To make things a little more interesting, I challenge my fellow Fellows to blog at least once a month on a Sakai-related topic, starting in June 2009. Let's spread the news that there is an alternative to "Dark Angel" out there, and that it's called Sakai! In addition, it will make your end of term report easier to write.

Friday, January 30, 2009

Tagging in the Material World: A (Mitigated) Success Story

It seems to me that for the last two years or so, a lot of what I do on a daily basis is tagging stuff. All sorts of stuff, like bookmarks, wiki pages, blog posts, videos, etc. It seems to me that it really makes my digital life more efficient, more enjoyable, and it makes my stuff easily findable.

The idea of adding keywords to information is nothing new. All research papers have had keywords for a while. Tags are also not new; we all have tags on our clothes to indicate how to take care of them, nutrition information is on almost all food products, street signs indicating civic numbers range (not in Delaware, but elsewhere) and price tags help us make buying decisions.

I stumbled upon the concept of tagging people from Cole Camplese and Allan Gyorke, from Penn State University. These two links show how they implemented the tagging idea to people attending a learning design workshop:

Tagging Participants at the Winter Faculty Institute

Organized by IT-User Services, the Winter Faculty Institute Kick-off Event at the University of Delaware (UD) is a conference day targeted at faculty members at UD. In the past, it has mostly been a passive half-day of presentations, including faculty showcases of teaching and learning innovations and a keynote speaker. I was put in charge of the 2009 edition and wanted to shake off the format a bit, with the intention of getting attendees to be active participants. That's why we added a half day of actitities durring the afternoon, starting with a technology-enhanced poster session.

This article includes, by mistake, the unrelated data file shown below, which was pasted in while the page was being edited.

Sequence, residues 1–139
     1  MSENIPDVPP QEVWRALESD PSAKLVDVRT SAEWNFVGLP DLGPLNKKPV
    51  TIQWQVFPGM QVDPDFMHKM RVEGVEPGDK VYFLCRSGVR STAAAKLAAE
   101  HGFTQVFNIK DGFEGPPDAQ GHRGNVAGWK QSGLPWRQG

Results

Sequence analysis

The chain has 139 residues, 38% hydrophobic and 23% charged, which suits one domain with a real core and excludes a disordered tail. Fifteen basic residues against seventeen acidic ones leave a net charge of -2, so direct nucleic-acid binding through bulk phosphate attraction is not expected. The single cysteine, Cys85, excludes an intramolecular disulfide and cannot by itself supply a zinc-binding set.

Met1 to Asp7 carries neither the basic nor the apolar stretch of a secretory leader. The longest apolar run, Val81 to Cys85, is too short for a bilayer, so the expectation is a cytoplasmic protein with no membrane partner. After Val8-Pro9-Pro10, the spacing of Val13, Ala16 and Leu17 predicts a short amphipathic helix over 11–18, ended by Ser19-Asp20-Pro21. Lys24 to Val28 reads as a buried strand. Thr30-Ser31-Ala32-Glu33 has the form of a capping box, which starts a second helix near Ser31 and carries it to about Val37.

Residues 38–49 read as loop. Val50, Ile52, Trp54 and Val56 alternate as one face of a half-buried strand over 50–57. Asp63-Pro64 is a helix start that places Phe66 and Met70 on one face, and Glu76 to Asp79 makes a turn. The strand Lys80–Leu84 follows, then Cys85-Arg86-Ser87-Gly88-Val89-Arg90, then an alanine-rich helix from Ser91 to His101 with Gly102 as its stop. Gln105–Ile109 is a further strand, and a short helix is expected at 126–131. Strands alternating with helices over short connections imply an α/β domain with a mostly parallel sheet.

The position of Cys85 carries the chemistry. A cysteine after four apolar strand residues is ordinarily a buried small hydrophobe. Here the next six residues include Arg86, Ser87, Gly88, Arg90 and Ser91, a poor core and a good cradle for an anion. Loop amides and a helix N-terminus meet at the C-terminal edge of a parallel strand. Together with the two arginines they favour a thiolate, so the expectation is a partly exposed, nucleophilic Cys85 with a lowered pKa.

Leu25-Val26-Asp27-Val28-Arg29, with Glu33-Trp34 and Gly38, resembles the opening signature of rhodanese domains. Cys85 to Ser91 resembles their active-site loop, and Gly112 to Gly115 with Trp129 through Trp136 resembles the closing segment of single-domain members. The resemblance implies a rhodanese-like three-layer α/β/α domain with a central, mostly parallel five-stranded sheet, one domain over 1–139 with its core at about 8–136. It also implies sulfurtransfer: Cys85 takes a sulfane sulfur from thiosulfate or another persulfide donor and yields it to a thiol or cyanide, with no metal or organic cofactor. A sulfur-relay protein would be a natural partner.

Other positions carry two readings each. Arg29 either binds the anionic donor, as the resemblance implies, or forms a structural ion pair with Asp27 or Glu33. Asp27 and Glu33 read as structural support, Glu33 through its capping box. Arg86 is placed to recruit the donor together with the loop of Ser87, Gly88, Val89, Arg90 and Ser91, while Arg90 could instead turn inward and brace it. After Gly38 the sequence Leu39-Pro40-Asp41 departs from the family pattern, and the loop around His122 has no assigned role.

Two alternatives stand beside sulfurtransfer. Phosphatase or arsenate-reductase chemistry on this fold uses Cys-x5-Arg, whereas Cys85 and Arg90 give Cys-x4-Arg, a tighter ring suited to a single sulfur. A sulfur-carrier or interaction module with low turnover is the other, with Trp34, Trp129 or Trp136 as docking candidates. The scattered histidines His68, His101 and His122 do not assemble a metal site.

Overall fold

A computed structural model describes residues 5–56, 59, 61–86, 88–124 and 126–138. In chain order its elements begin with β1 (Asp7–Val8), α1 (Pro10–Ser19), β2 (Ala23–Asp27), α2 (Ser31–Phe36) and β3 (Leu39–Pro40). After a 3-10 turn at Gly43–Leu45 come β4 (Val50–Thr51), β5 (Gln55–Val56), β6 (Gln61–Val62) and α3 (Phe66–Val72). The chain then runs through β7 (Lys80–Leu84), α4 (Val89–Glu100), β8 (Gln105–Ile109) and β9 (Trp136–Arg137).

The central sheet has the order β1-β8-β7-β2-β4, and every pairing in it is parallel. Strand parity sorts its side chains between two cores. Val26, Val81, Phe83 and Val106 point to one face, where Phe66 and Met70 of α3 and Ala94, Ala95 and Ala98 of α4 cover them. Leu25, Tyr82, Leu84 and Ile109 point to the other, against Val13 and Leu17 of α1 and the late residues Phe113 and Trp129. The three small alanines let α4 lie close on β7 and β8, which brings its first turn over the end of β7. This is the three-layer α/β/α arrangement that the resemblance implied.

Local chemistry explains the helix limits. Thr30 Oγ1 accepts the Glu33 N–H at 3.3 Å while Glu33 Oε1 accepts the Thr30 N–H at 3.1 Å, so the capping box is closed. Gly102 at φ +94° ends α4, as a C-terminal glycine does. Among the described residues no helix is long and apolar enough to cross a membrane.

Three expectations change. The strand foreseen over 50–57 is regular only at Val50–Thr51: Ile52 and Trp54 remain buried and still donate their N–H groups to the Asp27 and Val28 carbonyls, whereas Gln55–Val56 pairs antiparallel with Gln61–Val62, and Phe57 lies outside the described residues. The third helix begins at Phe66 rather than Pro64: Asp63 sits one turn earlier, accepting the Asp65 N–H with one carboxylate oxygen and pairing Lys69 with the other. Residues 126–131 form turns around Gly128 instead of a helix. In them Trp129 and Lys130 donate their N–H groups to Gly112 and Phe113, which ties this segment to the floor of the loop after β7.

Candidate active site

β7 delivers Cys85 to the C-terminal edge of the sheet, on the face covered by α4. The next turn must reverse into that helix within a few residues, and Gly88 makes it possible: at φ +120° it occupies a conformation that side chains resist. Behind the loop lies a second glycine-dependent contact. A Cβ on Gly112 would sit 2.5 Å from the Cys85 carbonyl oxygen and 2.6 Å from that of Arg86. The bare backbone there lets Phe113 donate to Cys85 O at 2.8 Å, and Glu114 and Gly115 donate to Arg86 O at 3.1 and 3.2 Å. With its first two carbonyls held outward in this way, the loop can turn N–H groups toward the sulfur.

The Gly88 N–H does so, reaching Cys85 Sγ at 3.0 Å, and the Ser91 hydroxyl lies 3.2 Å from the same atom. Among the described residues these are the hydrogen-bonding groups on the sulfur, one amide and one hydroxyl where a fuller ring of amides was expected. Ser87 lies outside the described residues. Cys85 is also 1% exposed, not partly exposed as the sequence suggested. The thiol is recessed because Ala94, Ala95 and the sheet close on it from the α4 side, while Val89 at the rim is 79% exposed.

The full agenda, links to videos, and pictures are all linked from the event page:

To stimulate conversation and get people thinking about educational technologies, we gave each participants a set of stickers representing different topics, technologies, interests, etc., along with a sheet of instruction with their nametag.

The stickers we home made, using Avery sticker sheets (model 5167), a color printer, and a paper cutter. We could do four sets of tags per sheet, so the whole process was not expensive at all.

UD-WFI Tagging Stickers

UD-WFI Tagging Stickers

The sheet of instructions was only there to provide an overview of what was expected of the participants, and also to give them an idea of some the concepts they might have not been exposed to yet.

UD-WFI Tagging Stickers - Instructions

UD-WFI Tagging Stickers

The nametag was designed to let people tag the tools, technologies, or concepts they already used (on the left), and the ones they were curious about (on the right). You could see the personality of some of the attendees shine through their nametags. Some were really clean and had just a couple of stickers on them, while others were completely filled up with stickers going in every direction. Below is a picture of mine.

UD-WFI Tagging Stickers - Nametag

We also used the tags on the posters, so that people could select the topics they were more interested in at a glance.

UD-WFI 1-6-2009 Sharon Watson